Caldwell passes first test of 2011
Flashy wrestler owns 48 first-period pins among 102 career wins
Roger Moore, NCAA.com
It’s considered one of the most memorable moments in the history of the NCAA Division I Wrestling Championships.
Reigning NCAA champion Brent Metcalf, winner of the Hodge Trophy the previous season, was in search of his second consecutive 149 pound title in St. Louis. His one collegiate loss was considered a fluke by some so-called experts.
Metcalf’s opponent was an All-American as a sophomore from North Carolina State, the owner of that 'fluke' victory three months prior.
By the time the 2009 NCAA Championships were done, the name Darrion Caldwell dominated every conversation from St. Louis to Iowa City after the high-flying star beat Metcalf 11-6. He was awarded the tournament’s outstanding wrestler award in a landslide.
But a shoulder injury sidelined Caldwell and kept him from defending his title in 2010. It’s been a slow process working his way back, wrestling just seven matches this season.
On Sunday, the Wolfpack senior passed his first real test, beating seventh-ranked Jamal Parks of Oklahoma State 3-1. An explosive late first-period attack resulted in the match’s lone takedown, improving Caldwell's career record against top-10 foes to 16-4.
Just under two months from now in Philadelphia, Caldwell will look to finish his career in style less than two hours from his hometown of Rahway, N.J.
“We need tickets,” said Caldwell, who improved to 102-12 for his career on Sunday. “My family needs tickets. I need almost 400 tickets. When I won a national championship my parents were in the nose-bleed seats. I couldn’t even see them. God-willing I make it there again and I hope they get the opportunity to get down close.
“But there’s a lot of time between now and then. I’ve got plenty of work still to do to get ready. I feel good, though. I think I've trained the right way to make sure I'm healthy when it matters most."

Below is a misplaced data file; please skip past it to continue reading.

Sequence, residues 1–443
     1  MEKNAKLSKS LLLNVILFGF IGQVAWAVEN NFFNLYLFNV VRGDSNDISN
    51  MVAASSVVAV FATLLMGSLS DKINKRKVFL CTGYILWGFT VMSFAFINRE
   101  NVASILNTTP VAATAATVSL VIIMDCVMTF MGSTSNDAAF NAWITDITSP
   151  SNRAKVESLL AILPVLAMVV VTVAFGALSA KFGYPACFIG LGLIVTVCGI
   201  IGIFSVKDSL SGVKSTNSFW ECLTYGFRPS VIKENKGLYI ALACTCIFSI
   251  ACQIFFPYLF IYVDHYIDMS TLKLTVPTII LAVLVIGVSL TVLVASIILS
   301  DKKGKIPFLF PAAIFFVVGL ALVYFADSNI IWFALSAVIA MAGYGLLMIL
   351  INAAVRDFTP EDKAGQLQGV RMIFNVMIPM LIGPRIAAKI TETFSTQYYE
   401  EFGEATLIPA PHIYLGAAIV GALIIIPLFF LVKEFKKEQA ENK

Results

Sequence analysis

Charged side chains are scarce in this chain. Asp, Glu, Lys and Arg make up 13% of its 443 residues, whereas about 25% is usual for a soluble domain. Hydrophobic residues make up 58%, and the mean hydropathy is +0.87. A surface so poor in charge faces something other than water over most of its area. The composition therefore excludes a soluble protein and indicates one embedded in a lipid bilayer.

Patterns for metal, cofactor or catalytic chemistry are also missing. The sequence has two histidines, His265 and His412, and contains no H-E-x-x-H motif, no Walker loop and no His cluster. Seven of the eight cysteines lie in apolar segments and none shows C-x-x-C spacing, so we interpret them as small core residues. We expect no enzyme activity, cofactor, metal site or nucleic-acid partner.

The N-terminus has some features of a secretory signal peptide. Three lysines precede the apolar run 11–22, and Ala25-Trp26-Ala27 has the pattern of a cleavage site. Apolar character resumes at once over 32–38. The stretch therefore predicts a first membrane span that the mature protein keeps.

Caldwell brought a 146-4 prep record with three New Jersey state titles to Raleigh, N.C. Everybody 'in the know' knew that the possibilities were endless for the three-sport high school star.
“(Assistant coaches) Jerrod Sanders and Tony Davis were (at NC State),” Caldwell said of the recruiting process. “Coach (Jordan) Carter brought me in and treated me well. It’s a beautiful place, a really relaxed atmosphere. It’s been a great experience.
“It’s not Oklahoma State or a place where wrestling is in the spotlight, but that might be changing over the next couple of years. We’ve got a young team and (Chris Phillips) coming in.”
As a freshman 141 pounder in 2007, Caldwell won 20 of 26 matches and finished one win from All-America status. His wild 1:40 of wrestling against Northwestern’s Ryan Lang in the quarterfinals is another one of those classic NCAA moments.
A year later he was 36-5 with 23 pins at 149 pounds. In the NCAA quarterfinals he knocked off former NCAA champ Dustin Schlatter of Minnesota before losing a 12-8 match to Bubba Jenkins, then competing for Penn State.
“If you look back, before that (finals match in 2009) I had some big wins,” Caldwell said. “Beating (Schlatter) was big, showed that I could not only go with those guys but beat them. I was fifth at a pretty tough weight class. My freshman year I had some nice wins but everything really came together (in 2009).”